Just what is cyberterrorism?
The word cyber relates to the culture of computers, information technology and virtual reality. Terrorism is the use of violence and intimidation in the pursuit of political aims. Cyberterrorism may therefore be defined as the use of computer technology, as a tool and a vehicle to intimidate and pressurize
Consider for a moment the extent to which we have become dependant on computers. In almost any business these days, whether large or small, work is disrupted if the computer system crashes. But computers not only help us run our businesses, they control communications as a whole, such as financial services on a global scale. Without computers, aviation could no longer function and power sources would be paralysed. Essential information and records are stored on computer systems throughout the world. Where would the fight against crime be without computer technology? Computers have become crucial for survival. Take them away and we all take a massive step backwards.
However, computers are vulnerable and have their weaknesses, so just how susceptible are we to a deliberate attack?
The fact is that we are surrounded by the resources to launch a cyber attack. A computer connected to the Internet is all it takes, plus of course, one necessary and essential ingredient - know-how!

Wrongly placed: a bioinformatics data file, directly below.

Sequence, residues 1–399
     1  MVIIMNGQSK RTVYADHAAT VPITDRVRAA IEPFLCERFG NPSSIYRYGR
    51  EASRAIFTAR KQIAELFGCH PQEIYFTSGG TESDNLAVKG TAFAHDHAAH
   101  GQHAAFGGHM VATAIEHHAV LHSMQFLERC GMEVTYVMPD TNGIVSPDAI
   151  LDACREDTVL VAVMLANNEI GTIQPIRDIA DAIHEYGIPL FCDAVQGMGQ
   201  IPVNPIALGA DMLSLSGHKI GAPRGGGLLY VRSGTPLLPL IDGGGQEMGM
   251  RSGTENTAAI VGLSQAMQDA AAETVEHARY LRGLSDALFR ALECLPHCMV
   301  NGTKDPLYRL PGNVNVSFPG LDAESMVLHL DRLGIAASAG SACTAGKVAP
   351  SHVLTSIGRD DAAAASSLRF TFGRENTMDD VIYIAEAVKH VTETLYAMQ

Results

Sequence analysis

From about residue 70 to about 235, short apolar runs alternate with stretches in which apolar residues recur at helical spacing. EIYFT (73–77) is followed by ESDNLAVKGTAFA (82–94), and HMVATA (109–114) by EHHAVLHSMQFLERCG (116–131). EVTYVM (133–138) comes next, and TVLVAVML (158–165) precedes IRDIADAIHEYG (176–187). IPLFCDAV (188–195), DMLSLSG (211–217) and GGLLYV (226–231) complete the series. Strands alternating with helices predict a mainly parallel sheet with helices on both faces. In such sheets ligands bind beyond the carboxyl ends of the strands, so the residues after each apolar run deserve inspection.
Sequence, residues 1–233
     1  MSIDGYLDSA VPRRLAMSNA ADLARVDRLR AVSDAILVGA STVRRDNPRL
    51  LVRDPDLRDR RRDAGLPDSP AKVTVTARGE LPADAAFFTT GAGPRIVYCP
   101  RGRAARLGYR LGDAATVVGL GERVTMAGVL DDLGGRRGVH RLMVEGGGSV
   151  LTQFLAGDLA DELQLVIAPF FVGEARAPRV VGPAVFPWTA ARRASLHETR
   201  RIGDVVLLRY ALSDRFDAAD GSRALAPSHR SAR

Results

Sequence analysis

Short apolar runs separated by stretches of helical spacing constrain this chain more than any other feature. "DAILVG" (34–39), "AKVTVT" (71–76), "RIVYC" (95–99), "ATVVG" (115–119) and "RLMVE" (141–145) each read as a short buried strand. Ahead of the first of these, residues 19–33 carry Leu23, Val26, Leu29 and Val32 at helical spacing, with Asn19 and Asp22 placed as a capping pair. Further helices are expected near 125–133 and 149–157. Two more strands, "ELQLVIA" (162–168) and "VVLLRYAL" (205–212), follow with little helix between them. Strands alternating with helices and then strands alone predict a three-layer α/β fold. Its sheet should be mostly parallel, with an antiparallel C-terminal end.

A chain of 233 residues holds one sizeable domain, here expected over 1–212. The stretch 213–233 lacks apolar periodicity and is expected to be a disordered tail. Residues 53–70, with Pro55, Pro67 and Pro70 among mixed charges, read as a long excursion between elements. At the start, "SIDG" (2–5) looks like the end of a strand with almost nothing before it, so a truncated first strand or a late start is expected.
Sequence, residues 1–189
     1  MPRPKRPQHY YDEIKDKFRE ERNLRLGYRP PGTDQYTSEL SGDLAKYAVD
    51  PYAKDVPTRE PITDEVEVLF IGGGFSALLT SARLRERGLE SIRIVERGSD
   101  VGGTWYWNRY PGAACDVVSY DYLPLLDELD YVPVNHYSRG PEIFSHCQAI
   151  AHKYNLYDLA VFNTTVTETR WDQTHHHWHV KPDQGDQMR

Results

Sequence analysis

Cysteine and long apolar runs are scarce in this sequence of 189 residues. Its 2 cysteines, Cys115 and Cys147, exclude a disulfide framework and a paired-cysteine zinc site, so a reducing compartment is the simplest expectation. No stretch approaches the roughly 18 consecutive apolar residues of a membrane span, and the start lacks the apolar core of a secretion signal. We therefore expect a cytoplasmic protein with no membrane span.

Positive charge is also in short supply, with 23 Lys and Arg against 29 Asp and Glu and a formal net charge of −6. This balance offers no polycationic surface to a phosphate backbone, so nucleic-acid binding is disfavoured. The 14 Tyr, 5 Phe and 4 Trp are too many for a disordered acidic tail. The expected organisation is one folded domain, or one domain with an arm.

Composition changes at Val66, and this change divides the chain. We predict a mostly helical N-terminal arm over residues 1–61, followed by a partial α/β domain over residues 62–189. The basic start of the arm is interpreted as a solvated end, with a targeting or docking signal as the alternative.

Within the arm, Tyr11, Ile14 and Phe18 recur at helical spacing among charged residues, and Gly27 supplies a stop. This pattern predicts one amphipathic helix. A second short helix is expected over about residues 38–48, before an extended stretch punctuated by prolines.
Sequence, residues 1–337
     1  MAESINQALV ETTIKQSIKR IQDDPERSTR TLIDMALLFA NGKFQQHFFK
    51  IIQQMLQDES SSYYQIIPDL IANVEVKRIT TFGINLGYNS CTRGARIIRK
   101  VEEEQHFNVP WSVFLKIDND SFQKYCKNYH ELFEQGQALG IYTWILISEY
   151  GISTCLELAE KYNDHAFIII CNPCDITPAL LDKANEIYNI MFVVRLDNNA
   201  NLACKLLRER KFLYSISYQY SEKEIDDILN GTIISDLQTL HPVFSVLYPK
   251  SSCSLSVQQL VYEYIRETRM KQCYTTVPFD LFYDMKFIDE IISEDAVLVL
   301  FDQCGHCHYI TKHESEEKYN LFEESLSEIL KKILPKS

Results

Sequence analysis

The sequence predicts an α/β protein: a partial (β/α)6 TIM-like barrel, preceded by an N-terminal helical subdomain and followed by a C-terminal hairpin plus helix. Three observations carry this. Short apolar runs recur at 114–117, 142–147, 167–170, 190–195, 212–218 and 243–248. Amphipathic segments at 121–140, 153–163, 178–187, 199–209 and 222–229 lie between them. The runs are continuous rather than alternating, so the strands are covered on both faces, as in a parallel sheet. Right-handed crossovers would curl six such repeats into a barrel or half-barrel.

In 1996, realising the dangers of cyberterrorism, President Clinton created the Commission of Critical Infrastructure Protection in order to introduce safeguards. With heightened awareness, various government organizations throughout the world have introduced protective measures with adequate firewalls, more stringent login procedures and password controls including encryption. Groups have been formed to search out and deal with any cyber attacks. Government organizations make regular attempts to gain control of systems to pinpoint any weaknesses. These days, highly sensitive, classified information is often stored on computers with no external connection.
Experts consider that terrorists would prefer to cause damage by blowing something apart, than quietly finding out how to hack into and manipulate a computer system. Terrorists want to make an impact and create headlines for their cause. However, manipulating a computer system itself is one thing, accessing and destroying or changing critical data is another. Because of the World Wide Web and despite considerable expenditure in recent years, data access by persons wanting to cause harm remains a valid threat. Most hacker attacks do not disable a system but corrupt it, making it carry out wrong tasks whilst appearing to function quite normally. For example: corrupting an airline’s reservation system data would wreak havoc. Changing pharmacy data on medication could cause numerous deaths.
However, whilst such data appears to be at serious risk, the actual risk to mankind is probably less critical. The awareness of the need for computer protection has spread not only to computer specialists throughout the world but also to individual users. Behind every computer is a human being and although the element of human error exists, so does the element of human intervention. Intervention in the sense of prevention - of vigilance, discovery and evasive action.